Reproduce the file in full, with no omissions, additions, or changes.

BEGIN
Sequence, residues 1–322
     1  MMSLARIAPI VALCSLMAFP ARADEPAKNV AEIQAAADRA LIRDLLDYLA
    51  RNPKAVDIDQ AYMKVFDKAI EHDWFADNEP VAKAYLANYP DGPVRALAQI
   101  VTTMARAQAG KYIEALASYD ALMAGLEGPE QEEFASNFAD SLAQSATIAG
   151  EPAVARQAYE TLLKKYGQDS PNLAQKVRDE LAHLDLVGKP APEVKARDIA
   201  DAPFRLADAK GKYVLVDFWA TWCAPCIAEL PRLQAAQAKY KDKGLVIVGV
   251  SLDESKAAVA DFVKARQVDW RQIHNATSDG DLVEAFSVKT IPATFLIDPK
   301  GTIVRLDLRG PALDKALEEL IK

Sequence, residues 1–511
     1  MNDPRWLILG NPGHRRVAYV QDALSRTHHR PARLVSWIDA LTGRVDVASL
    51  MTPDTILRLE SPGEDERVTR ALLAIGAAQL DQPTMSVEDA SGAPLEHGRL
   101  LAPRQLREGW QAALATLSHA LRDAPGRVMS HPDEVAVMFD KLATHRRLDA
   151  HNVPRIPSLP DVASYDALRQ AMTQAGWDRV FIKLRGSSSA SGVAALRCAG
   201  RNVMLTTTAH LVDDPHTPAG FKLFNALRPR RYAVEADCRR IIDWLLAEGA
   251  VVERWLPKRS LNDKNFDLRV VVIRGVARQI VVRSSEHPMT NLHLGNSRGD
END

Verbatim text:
Sequence, residues 1–322
     1  MMSLARIAPI VALCSLMAFP ARADEPAKNV AEIQAAADRA LIRDLLDYLA
    51  RNPKAVDIDQ AYMKVFDKAI EHDWFADNEP VAKAYLANYP DGPVRALAQI
   101  VTTMARAQAG KYIEALASYD ALMAGLEGPE QEEFASNFAD SLAQSATIAG
   151  EPAVARQAYE TLLKKYGQDS PNLAQKVRDE LAHLDLVGKP APEVKARDIA
   201  DAPFRLADAK GKYVLVDFWA TWCAPCIAEL PRLQAAQAKY KDKGLVIVGV
   251  SLDESKAAVA DFVKARQVDW RQIHNATSDG DLVEAFSVKT IPATFLIDPK
   301  GTIVRLDLRG PALDKALEEL IK

Sequence, residues 1–511
     1  MNDPRWLILG NPGHRRVAYV QDALSRTHHR PARLVSWIDA LTGRVDVASL
    51  MTPDTILRLE SPGEDERVTR ALLAIGAAQL DQPTMSVEDA SGAPLEHGRL
   101  LAPRQLREGW QAALATLSHA LRDAPGRVMS HPDEVAVMFD KLATHRRLDA
   151  HNVPRIPSLP DVASYDALRQ AMTQAGWDRV FIKLRGSSSA SGVAALRCAG
   201  RNVMLTTTAH LVDDPHTPAG FKLFNALRPR RYAVEADCRR IIDWLLAEGA
   251  VVERWLPKRS LNDKNFDLRV VVIRGVARQI VVRSSEHPMT NLHLGNSRGD